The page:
COVID-19 hasn’t killed sexual harassment at work – it’s just moved online

Caligaris’s concerns build on the widespread harassment that was documented in a 2019 survey by her organisation. It found that 85% of the women journalists it surveyed had experienced sexual harassment at work; 35% reported sexual blackmail and 34% physical harassment.

Like Emily, many of the women reporting harassment were not permanent employees at media organisations; about a third were on short-term or zero-hour contracts. Meanwhile, about 15% of the women who reported harassment said they were also “penalised at work” as a result.

In the UK, a 2016 report from the Trades Union Congress (TUC) found that “more than half (52%) of women polled” had “experienced some kind of harassment”. This included comments of a sexual nature about a woman’s body or clothing, unwanted touching and unwanted sexual advances.

While sexual harassment has moved online for many women, Syed also wants to draw attention to the experiences of those working on the front line of the coronavirus response, in jobs that can’t be done from home.

These are often lower-paid workers who are “suffering in silence”, she warns, because they fear that complaining could put already precarious jobs at risk. During a recession, it is even harder to speak out.

“We work a lot with front-line staff, such as carers and nurses,” Syed said. “They often experience what’s known as third-party harassment – sexual harassment from a patient, for example. Women who have been on the front line, working through COVID-19, are put in this impossible situation.”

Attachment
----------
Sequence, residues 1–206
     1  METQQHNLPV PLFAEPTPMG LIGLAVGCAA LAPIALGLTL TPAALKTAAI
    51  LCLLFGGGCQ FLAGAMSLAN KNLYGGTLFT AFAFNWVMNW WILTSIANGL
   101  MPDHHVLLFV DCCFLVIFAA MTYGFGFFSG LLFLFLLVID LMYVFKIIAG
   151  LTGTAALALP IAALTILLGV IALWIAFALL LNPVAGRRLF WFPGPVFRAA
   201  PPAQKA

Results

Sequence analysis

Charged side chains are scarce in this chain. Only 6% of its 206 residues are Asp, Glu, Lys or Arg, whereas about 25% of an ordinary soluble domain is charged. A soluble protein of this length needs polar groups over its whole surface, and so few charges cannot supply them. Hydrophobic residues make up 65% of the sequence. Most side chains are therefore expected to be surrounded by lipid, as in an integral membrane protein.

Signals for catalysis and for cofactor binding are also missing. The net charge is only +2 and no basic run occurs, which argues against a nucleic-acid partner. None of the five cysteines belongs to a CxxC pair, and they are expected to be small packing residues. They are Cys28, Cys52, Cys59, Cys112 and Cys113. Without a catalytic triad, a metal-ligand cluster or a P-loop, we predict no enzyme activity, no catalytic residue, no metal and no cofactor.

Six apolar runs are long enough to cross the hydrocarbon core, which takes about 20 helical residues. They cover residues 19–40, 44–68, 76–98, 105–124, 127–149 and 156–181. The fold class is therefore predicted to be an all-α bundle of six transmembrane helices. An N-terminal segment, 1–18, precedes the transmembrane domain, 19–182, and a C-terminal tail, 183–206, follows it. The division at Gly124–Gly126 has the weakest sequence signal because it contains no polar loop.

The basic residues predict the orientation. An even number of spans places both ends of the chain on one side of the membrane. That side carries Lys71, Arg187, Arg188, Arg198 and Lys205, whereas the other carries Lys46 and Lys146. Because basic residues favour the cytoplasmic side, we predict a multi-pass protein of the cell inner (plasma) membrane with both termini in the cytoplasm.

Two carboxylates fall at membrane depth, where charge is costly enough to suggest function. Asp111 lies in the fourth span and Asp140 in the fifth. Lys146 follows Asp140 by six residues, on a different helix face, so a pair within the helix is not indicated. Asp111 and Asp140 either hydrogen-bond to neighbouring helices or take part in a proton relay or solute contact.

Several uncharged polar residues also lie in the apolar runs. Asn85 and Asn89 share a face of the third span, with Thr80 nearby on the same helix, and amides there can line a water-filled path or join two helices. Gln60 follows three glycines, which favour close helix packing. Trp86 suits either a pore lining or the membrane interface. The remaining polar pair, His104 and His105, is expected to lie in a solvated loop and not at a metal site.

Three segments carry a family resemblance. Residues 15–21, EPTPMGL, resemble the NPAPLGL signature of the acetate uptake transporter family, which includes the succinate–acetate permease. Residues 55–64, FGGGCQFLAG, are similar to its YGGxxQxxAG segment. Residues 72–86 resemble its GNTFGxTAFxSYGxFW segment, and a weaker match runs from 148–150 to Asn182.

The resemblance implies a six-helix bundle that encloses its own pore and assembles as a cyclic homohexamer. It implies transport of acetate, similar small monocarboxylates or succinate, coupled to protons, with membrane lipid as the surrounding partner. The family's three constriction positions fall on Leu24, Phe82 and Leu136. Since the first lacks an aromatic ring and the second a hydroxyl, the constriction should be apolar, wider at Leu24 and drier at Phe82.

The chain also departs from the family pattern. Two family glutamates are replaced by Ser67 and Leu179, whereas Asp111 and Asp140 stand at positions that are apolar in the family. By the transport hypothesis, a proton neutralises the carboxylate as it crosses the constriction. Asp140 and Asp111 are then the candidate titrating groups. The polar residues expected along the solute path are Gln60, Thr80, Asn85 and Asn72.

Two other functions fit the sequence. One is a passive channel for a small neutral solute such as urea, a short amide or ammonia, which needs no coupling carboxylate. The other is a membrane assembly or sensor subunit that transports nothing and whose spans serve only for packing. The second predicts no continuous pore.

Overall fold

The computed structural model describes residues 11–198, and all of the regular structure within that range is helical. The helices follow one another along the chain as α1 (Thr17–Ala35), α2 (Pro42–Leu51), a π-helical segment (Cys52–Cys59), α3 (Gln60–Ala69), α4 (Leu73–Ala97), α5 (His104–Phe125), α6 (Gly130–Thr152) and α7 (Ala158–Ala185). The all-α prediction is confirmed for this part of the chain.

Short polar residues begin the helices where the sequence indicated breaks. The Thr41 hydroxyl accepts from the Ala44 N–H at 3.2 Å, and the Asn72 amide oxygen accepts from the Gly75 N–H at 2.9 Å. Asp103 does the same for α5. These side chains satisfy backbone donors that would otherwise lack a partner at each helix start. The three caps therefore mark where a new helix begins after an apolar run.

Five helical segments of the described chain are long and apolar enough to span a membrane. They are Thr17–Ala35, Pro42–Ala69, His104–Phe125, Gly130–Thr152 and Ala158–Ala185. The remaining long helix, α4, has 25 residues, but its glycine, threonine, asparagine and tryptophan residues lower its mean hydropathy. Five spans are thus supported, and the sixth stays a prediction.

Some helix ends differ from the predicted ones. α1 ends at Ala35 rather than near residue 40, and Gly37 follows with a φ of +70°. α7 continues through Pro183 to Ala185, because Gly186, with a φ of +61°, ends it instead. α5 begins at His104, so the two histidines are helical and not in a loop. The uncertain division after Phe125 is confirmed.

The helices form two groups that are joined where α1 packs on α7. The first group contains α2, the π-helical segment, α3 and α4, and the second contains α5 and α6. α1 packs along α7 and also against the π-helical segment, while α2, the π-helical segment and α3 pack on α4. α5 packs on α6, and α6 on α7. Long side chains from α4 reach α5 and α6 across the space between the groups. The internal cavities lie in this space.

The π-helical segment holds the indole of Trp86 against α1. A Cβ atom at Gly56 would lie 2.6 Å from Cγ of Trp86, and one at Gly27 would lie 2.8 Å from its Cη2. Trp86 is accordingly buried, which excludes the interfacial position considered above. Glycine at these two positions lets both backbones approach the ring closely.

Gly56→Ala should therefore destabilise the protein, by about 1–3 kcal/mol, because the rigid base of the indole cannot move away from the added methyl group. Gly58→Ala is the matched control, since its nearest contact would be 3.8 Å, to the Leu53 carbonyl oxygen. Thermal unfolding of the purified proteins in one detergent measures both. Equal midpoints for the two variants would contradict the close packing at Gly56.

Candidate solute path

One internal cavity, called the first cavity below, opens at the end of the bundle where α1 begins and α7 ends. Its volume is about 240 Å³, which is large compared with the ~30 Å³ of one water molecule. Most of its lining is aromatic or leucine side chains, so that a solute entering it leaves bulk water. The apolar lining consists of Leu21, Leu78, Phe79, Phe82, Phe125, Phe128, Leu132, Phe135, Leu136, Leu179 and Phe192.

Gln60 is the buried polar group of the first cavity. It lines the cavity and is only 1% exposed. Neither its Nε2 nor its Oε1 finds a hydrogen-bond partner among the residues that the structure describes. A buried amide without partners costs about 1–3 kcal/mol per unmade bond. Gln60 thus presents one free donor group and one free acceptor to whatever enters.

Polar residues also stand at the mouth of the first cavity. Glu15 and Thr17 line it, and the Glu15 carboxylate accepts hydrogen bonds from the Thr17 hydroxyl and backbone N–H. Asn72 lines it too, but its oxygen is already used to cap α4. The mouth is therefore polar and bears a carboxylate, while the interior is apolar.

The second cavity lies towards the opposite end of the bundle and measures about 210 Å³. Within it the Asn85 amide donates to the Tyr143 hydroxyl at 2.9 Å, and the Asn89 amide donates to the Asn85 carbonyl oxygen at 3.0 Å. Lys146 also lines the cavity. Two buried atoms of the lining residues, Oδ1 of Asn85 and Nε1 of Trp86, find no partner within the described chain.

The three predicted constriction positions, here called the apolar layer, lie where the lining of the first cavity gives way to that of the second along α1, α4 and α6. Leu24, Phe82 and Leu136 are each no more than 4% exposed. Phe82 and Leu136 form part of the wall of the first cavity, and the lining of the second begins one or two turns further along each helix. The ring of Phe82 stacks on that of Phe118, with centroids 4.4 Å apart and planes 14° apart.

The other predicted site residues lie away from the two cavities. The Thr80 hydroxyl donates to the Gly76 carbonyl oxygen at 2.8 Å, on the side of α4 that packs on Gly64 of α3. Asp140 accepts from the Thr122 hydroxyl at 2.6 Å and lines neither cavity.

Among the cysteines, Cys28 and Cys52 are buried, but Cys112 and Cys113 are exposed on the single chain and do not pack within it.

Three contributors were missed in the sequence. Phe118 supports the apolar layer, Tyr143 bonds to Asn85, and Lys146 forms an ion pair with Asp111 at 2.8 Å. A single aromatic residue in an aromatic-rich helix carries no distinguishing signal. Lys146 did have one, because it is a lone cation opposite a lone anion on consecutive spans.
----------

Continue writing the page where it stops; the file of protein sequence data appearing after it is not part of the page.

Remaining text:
The Rights of Women charity is now campaigning to reinstate protections against such third-party sexual harassment. These protections, introduced in the UK in 2010, were scrapped by the coalition government in 2013.

The charity also wants the government to introduce a new duty on employers to prevent sexual harassment at work, including if the workplace is the home. This would involve employers being “proactive in preventing harassment to take the responsibility off of women’s shoulders,” Syed says.

Crucially, the duty they are calling for would apply to all workers, including freelancers, agency workers and self-employed people like Emily.

“We always imagine harassment as something physical, like groping or an unwanted approach,” Caligaris commented, explaining that our understanding of problematic behaviour must also be enhanced. “It isn’t only that, what is considered harassment should be expanded.”

* Not her real name.


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